Lessons from the other side of the rejection notice

My novel Amiga will be published by Black Rose Writing on November 27, 2019. I will describe my publishing journey in a series of posts. This is the seventh of the series.

My writing has been rejected more times than I can count. When I had the opportunity to evaluate other writers’ manuscripts for publication, you would think I would be more forgiving. Nope. When I’m helping someone determine what books they should stake their investment and reputation on publishing, I tend to be more critical. I see too many authors make easily fixable mistakes that lead to rejection.

I learned several things from the experience that will help you in submitting your manuscripts. This advice will also help you if you self-publish. When you are your own publisher, you need to be equally critical in evaluating your own work.

Proofread your work

With a few of the manuscripts I read, I was amazed by the number of typos and grammatical mistakes I found in what an author considered submission-ready. I wondered if that person even looked at the manuscript before sending it.

I don’t buy the argument, “If you’ve got a great story, who cares how many typos it has?” First, you’re creating extra work for the editor. At a small press with limited staff and even more limited time, this is an unfair burden. Second, it raises doubts about the quality of your material. If you’re sloppy with your grammar and spelling, what else is wrong with your work?

Typos happen, even in professionally edited books. But it’s not unreasonable to make your manuscript as clean as possible. If you aren’t able to get professional editing, there are techniques you can use to improve the quality of your work. Your manuscript needs to make the best possible impression.

Follow formatting guidelines

This best possible impression includes following formatting guidelines. There are basic rules for formatting manuscripts and publishers often provide their own. I’m surprised by writers who aren’t even in the ballpark. Single-spacing, odd combinations of fonts, and bad attempts at playing book designer.

The book designer is the person I sympathize for the most when looking at those oddly formatted manuscripts. How is that person supposed to put it in the publisher’s format? How is it going to be converted to an eBook? Since most publishers require submissions in Microsoft Word (which is notoriously fickle at formatting), you’re creating more work for the book designer by fiddling with custom styles and character overrides.

Follow the formatting rules. If you have to use special formatting, like I had to use block quote formatting for my books, keep it as simple as possible. Trust your book designer to render your words in the proper format for all the print and eBook platforms they support.

Keep the editor reading

I look at a manuscript the same way a reader would. Is this a book that someone would want to read all the way to the end? As a writer, you need to avoid DNF, Did Not Finish. This is the point where the reader gives up, loses interest, or rage quits a book.

Here are some DNF points for me:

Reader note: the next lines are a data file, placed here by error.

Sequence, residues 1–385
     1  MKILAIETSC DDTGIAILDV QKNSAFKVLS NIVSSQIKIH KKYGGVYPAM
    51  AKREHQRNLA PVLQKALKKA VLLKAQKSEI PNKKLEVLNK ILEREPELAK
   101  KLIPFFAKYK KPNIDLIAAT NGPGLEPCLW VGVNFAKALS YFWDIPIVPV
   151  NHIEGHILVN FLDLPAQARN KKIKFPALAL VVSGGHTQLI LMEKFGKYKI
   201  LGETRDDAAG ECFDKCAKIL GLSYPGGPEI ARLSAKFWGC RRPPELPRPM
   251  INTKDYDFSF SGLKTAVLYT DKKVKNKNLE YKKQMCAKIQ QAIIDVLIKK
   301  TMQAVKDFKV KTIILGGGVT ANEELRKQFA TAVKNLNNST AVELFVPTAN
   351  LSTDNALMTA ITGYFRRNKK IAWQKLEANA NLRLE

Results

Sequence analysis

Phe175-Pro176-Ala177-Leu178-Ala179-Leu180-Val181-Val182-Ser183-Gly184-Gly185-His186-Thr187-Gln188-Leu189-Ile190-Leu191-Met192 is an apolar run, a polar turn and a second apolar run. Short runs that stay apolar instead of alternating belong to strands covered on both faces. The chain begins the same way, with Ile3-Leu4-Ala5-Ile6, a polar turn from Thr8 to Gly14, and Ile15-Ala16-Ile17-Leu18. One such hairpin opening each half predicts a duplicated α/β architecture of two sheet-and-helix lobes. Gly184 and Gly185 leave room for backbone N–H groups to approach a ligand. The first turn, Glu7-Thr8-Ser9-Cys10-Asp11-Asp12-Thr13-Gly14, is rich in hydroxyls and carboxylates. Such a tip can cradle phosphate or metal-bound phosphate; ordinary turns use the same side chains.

• An uninteresting start. To use a rock term, stories have to “burn at the first.” I need to get involved in the story and your characters from the start. If your story doesn’t hook me within the first 10–20 pages, I won’t stick around to see if it improves.
  • Losing steam in the middle. You may have a great opening and interesting characters, but you have to keep the plot moving. Is there a goal that is vital for characters to achieve, but there are obstacles and opponents? Does your story have mysteries to solve? Are there hints of some greater conflict ready to explode? If not, it will be a DNF.
  • Plot points that have no reason to be there. These include info dumps with irrelevant info, acts of violence that are only there for shock value, sex scenes that merely titillate and reveal nothing about the relationship, and characters who only show up to be killed and never referred to again. If you have elements that make me stop and wonder why they’re there, it will be a DNF.
  • A disappointing ending. The ending needs to answer the main story questions, reveal the theme of book, and leave me feeling my time with this book was worth it. I don’t like tacked-on Hollywood endings, deus ex machina plot twists, and main story threads left unresolved so you’re forced to buy the sequels. These come too late for a DNF, but they will still get a rejection.

Rejecting your own work

Writers look at self-publishing as a way to avoid rejection, but you have to be as critical with your own work as any acquisition editor. If some other writer sent you that manuscript, would you publish it? Is it riddled with typos and sloppy formatting that would waste a publisher’s time and resources? Is it a book you would drop halfway through or feel cheated at the end?

Instead of a “your work does not meet our needs at this time,” you have the knowledge and opportunity to improve your book. Join a critique group, look for beta readers, or hire an editor. Make your manuscript the best it can be, whether you submit it or self-publish it. This way, your book will be accepted by the most important people of all, your readers.